Triads are the building blocks of chords. If you’re used to playing only full chords, triads will help expand your playing and allow you to create more unique voicings and tones. They’re a great way to spice up your playing by allowing you to easily add little embellishments to your rhythms. Jimi Hendrix is a perfect example of this. In this lesson we’re going to focus only on major triads using the CAGED system, but future lessons will address minor triads.
Let’s start with answering the question, “What is a triad?”
Triads are a group of three notes comprised of the 1st (root), 3rd, and 5th degrees of a scale. Each degree is a 3rd apart. They can be of four qualities:
Major triads are built from the 1st (root), 3rd (major 3rd), and 5th (perfect 5th) degrees of the major scale.
Each of these intervals is a third (3 notes) apart and the number of semitones between each interval will determine the quality of the triad.
- Major 3rd = 2 whole tones (4 semitones / 4 frets)
- Minor 3rd = 1 1/2 tones (3 semitones / 3 frets)
Note that 1 semitone is equal to 1 fret.
|Quality||Stacked 3rd Intervals||Semitones||5th Quality|
|Major||Major 3rd + Minor 3rd||7||Perfect|
Counting out the semitones of the first 3rd will give you the following:
- Root to major 2nd = 2 semitones
- Major 2nd to major 3rd = 2 semitones
- Total of 4 semitones (2 whole tones)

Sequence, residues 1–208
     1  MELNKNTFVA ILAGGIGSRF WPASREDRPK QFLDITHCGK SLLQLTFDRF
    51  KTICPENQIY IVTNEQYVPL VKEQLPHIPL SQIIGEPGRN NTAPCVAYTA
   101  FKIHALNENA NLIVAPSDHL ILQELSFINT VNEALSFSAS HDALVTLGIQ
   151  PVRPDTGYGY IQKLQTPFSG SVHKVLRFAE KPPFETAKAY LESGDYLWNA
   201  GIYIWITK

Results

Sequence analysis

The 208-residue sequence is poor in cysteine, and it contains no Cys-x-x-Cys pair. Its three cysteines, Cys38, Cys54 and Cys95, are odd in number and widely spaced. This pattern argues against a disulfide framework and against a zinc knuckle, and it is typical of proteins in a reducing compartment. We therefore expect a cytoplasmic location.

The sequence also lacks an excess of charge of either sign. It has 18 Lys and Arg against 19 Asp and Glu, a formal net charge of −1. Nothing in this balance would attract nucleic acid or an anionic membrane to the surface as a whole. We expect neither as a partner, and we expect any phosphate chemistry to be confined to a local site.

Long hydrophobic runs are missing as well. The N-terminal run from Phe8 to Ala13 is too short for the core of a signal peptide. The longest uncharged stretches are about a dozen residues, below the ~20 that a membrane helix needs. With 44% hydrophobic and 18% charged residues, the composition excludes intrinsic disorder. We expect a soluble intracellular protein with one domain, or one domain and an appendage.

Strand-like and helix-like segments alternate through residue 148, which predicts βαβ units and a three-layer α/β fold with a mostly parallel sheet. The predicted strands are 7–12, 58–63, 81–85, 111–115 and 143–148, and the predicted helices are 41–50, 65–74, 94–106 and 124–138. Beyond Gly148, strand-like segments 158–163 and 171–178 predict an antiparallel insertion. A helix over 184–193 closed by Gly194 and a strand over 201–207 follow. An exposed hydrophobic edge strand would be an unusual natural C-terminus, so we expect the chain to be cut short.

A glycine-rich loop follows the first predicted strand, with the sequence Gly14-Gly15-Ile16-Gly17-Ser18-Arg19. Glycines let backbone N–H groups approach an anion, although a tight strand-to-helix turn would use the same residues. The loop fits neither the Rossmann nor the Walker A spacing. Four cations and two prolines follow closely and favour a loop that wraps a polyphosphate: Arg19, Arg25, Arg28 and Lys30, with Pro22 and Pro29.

Counting out the semitones of the second stacked 3rd will give you the following:
- Major 3rd to perfect 4th = 1 semitone
- Perfect 4th to perfect 5th = 2 semitones
- Total of 3 semitones (1 1/2 whole tones)
Learning major triads with the CAGED system
If you’re already familiar with the CAGED major chord shapes, learning the major triads will be a breeze. We can simply break apart the CAGED chord shapes into their smaller triad shapes.
Note: In each set of triads, the first diagram represents the full chord and the subsequent diagrams are the triads that can be derived from that chord form/position.
The CAGED C form shape can be broken into four triads. The most commonly used triads shapes from the C form would be the last two in the diagram below.
From the A form CAGED shape, you can get three triads, though the first one in the diagram below is more part of the C form than the A form. The most commonly used triad of this group is the second shape in the triad diagram.
The G form shape also gives us three triads, which the most commonly used shapes are the second and third in the diagram.
The CAGED E form shape also gives us three triads.
The D form chord gives us three triads, two of which are shared with the CAGED chord forms above and below (E form and C form).
Using triads in your playing
You can begin incorporating these triads into your playing by simply substituting them for full chords. For instance, take any of these easy songs and use triads in place of the full chords. Experiment with playing them in different positions outside of the original voicings.